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Indoor hospitality reopening lifts retail sales in May

Tom Bottomley
08 June 2021

The reopening of indoor hospitality on 17 May, 2021, in England and Wales boosted retail sales for the month of May, according the latest data from the BRC-KPMG Retail Sales Monitor.

In the four weeks covering 2-29 May, total sales increased by 10% compared to pre-pandemic May 2019, above the three-month average growth of 8.5%.

UK retail sales increased 23.7% on a like-for-like sales basis from May 2019, when they had decreased 3% from the preceding year. Online sales have played a far greater role in like-for-like sales, increasing the growth rate significantly.

Over the three months to May, in-store sales of non-food items declined 16.7% on a total sales basis and increased 27.1% on a like-for-like sales basis. That’s worse than the 2019 total sales average decline of 3.1%. For the month of May, in-store non-food sales were negative, though much improved from previous months.

However, over the three-months to May, non-food retail sales increased by 7.5% on a total sales basis and 38% on a like-for-like sales basis. This is above the 2019 total sales average decline of 1.3%. For the month of May, non-food was in growth year-on-year.

Online non-food sales increased by 39.1% in May, against a growth of 1.5% in May 2019. That’s below the three-month average of 64.4%.

The non-food online penetration rate decreased from to 39.8% in May 2021 from 61.5% in May 2020, but was up from 31.4% in May 2019.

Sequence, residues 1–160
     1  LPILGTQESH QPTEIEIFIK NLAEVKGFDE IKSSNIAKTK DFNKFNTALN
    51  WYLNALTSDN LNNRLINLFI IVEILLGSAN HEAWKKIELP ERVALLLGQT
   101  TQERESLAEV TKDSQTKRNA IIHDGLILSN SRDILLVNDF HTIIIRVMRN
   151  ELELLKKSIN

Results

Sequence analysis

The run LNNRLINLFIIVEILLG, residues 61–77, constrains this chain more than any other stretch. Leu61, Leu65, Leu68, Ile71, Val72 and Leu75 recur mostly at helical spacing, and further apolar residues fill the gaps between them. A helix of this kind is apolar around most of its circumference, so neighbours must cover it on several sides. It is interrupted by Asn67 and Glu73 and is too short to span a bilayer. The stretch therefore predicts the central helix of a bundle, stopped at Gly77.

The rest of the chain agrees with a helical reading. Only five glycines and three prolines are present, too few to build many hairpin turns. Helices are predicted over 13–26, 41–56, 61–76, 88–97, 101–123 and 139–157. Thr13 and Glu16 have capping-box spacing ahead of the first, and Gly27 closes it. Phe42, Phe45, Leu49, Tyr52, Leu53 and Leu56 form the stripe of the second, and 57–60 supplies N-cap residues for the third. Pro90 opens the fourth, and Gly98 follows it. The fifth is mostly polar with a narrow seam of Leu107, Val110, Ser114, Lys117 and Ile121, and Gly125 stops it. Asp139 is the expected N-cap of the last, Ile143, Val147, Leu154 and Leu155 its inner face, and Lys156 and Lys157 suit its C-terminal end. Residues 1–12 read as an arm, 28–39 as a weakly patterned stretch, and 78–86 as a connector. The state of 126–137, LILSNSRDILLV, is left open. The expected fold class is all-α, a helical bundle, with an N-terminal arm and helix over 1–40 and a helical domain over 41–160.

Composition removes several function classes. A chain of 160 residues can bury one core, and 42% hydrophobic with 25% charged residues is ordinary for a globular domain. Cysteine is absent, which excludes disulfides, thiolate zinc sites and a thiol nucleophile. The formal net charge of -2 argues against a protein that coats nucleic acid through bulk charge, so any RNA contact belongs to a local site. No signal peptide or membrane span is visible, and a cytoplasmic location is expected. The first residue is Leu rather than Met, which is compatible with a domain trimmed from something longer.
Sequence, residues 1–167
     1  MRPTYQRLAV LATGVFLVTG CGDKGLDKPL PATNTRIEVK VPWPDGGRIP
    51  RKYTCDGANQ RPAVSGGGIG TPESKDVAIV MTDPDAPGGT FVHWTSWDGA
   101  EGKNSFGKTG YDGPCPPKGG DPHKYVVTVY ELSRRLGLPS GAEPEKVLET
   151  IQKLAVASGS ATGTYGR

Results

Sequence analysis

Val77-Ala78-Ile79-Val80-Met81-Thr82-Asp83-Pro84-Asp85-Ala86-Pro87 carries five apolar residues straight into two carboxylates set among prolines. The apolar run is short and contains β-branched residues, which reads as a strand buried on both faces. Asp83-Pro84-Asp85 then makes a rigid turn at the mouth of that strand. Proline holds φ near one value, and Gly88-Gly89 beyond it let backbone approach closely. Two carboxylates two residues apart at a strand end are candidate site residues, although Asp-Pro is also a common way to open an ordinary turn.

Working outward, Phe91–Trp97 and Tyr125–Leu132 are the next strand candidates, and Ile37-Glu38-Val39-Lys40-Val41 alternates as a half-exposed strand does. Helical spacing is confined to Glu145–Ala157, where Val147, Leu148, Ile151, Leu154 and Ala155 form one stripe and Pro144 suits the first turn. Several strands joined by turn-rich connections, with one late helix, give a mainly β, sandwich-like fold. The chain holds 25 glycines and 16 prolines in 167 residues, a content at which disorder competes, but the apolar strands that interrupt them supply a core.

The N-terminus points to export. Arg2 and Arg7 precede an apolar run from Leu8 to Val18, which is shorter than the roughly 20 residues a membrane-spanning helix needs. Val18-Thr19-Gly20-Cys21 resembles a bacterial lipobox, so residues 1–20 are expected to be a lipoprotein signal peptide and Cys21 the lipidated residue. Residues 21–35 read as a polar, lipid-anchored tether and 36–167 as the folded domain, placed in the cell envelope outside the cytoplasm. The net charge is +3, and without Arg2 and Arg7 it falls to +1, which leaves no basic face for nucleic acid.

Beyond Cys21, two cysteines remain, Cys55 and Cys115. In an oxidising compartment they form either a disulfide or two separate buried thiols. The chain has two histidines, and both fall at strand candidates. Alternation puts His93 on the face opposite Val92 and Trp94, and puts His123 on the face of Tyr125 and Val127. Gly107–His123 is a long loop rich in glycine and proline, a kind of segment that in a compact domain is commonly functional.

Helen Dickinson, Chief Executive of the British Retail Consortium (BRC), said:
“Retail sales were buoyant in May thanks to the reopening of hospitality, coupled with the afterglow of non-essential retail’s own return. Pent-up demand for the instore shopping experience, as well as the first signs of summer weather, helped retail to the strongest sales growth of the pandemic. Furniture and homeware sales continued to perform well as consumers were able to see and feel items instore, while clothing and footwear saw their second consecutive month of growth due to the warmer weather and easing of social restrictions.

“There is a growing sense of consumer confidence, boosted not only by the widespread uptake of vaccinations and testing, but also retailers’ own significant investment in safety measures.

Large cities have been hardest hit by the pandemic, with so many people still working from home and footfall remaining considerably down as shoppers increasingly choose to shop local. Now is the time to consider what our future high streets and town centres will look like a decade from now.

"We must adapt to these changes, not only to build back better but also to build forward. With vacancy rates still rising in many parts of the country, we must reimagine how we integrate residential and commercial property, allowing us to build stronger local communities that encompass leisure, retail, services, and homes. This will require retailers, property developers and local government to work together and plan city centres that cater to these changing demands and truly innovate the high street model.”

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